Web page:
Global's knives are forged from a single piece of stainless steel with a textured handle for a slip resistant grip. This heavyweight butcher's knife felt durable, sturdy, and balanced in our hands, thanks to Global's unique sand-filled handles. The blade measures in at seven inches, the perfect blade length for cutting up a rib roast. It's also ice tempered and hardened to retain a super sharp edge with long lasting edge retention.
This heavy-duty knife from Victorinox Cutlery is good for skinning large pieces of meat. Its wider tip also allows for easily getting between the meat and the bone, and then slicing through everything else. It's made of high carbon steel and can be easily sharpened. The handle is slip resistant and a offers a comfortable grip. It's a solid knife, especially for its pricepoint.
The slip resistant handle on this Dexter-Russell butcher knife is "Sani-Safe," meaning it's easy to clean and can handle high and low temperatures. It also features an "impervious" blade to handle seal, backed by the National Sanitation foundation. Its designed to withstand commercial kitchens and will certainly last for a long time in your home kitchen — and it's dishwasher-safe, which is our favorite part.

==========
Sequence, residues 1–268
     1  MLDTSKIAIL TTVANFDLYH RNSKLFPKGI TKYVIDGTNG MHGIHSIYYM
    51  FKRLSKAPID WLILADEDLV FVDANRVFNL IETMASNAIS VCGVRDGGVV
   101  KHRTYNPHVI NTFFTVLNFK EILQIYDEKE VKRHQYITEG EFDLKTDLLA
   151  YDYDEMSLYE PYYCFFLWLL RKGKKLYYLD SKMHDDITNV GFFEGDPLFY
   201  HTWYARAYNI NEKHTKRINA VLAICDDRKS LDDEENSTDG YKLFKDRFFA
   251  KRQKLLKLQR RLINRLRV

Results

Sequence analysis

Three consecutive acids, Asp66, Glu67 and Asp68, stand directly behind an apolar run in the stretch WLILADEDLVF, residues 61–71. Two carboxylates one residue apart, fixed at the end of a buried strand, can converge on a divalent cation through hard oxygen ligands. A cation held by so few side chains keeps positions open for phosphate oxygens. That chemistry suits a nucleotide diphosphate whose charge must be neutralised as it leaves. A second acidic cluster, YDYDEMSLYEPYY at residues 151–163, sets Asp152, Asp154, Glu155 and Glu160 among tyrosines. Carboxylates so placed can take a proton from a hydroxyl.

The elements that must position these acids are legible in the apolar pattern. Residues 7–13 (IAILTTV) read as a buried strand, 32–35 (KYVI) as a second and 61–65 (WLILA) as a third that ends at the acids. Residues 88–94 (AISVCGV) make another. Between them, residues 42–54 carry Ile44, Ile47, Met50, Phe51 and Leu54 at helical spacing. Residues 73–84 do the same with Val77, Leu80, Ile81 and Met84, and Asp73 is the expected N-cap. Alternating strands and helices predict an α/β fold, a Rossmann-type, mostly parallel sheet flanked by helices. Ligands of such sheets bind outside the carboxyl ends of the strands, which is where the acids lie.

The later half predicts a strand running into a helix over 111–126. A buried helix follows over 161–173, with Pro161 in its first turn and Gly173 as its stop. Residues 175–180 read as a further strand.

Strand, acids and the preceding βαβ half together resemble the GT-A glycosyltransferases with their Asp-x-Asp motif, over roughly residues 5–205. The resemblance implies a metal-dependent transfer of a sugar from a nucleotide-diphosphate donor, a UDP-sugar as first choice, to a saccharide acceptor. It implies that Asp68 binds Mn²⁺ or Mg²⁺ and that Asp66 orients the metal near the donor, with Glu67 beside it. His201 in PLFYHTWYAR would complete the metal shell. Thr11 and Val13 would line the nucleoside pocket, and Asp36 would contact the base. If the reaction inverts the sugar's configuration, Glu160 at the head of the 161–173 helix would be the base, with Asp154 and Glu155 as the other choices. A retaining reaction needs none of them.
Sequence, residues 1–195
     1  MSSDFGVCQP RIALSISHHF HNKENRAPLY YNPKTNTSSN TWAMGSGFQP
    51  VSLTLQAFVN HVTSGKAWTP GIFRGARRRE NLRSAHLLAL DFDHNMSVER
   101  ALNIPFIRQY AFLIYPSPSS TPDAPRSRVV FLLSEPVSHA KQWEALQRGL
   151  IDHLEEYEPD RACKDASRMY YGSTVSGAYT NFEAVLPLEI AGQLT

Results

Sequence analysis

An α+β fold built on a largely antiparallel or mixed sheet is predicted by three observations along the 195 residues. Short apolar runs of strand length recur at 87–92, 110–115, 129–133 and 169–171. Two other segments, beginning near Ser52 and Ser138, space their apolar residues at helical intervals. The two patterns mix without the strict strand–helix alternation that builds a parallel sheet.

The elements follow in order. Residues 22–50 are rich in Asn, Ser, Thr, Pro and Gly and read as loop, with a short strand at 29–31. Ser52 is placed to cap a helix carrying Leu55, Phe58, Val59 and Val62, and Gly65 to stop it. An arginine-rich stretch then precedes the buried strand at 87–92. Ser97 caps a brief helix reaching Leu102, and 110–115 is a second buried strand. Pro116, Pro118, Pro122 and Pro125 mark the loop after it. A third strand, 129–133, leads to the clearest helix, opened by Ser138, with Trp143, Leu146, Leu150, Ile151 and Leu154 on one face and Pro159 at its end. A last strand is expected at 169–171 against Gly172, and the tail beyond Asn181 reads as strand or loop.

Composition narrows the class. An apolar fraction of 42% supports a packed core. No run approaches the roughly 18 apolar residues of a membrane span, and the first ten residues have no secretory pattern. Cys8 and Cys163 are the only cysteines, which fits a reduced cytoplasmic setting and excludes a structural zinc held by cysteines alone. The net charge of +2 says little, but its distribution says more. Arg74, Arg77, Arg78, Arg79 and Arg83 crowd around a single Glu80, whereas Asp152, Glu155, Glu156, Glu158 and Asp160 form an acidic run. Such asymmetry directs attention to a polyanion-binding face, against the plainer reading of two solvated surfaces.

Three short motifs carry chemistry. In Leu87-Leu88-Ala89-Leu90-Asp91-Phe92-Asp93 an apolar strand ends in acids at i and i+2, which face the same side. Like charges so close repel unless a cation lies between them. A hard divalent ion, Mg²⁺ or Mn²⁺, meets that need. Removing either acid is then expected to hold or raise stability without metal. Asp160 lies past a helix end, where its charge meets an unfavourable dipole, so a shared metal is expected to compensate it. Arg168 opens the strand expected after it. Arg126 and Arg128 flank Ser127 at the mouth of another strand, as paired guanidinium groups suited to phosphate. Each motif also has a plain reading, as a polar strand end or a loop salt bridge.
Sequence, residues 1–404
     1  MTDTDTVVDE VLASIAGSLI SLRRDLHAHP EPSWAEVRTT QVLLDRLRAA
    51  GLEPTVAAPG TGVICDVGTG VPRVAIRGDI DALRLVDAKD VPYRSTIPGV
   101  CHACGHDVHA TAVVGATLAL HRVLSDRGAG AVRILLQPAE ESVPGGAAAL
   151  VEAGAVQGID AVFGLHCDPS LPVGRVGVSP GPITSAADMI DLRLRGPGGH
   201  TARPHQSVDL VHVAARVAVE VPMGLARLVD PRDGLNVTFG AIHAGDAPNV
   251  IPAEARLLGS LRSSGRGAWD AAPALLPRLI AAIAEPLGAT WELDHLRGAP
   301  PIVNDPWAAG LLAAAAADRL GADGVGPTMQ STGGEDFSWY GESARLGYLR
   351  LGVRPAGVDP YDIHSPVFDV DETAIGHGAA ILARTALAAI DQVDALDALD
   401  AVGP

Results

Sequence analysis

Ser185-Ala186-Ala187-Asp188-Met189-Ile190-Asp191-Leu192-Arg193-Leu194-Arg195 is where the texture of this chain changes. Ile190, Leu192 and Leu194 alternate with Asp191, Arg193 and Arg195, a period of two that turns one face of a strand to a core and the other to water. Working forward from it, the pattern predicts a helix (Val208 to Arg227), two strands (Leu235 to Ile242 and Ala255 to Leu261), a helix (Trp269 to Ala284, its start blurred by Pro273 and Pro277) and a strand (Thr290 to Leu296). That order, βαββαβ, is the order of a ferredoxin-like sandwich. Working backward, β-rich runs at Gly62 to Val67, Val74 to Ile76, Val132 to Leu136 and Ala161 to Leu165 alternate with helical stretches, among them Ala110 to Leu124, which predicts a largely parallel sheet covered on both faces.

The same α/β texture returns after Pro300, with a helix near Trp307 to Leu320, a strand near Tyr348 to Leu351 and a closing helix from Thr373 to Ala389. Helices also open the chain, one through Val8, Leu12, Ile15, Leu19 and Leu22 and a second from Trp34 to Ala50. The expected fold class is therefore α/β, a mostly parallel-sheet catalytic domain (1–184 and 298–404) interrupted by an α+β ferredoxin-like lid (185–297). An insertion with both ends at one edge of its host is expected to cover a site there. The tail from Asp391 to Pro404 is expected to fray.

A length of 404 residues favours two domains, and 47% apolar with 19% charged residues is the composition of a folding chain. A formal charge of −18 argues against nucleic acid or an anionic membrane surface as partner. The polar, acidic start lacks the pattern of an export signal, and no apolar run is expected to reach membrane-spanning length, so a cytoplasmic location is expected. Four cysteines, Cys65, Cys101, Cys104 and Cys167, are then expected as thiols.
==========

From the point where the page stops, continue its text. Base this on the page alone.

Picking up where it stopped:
While the recommended way to hold a knife is using the "pinch grip" (pinching the base of the blade with your pointer finger and thumb), we found the best way to hold a butcher's knife was by firmly holding the handle and curling your pointer finger all the way around to protect it. Some butcher knives even feature a finger protector for this reason.
The very tip of the blade is good for getting between the skin and meat, and the curved part is helpful for separating it more. The full length of the blade can then be used to make long, clean slices. Slices can be made horizontally to skin or trim the meat, or vertically to cut or chop it.
The curved part of the blade is also designed to get around the bone well. When touching the bone, it can be rotated to push it away and separate it from the meat.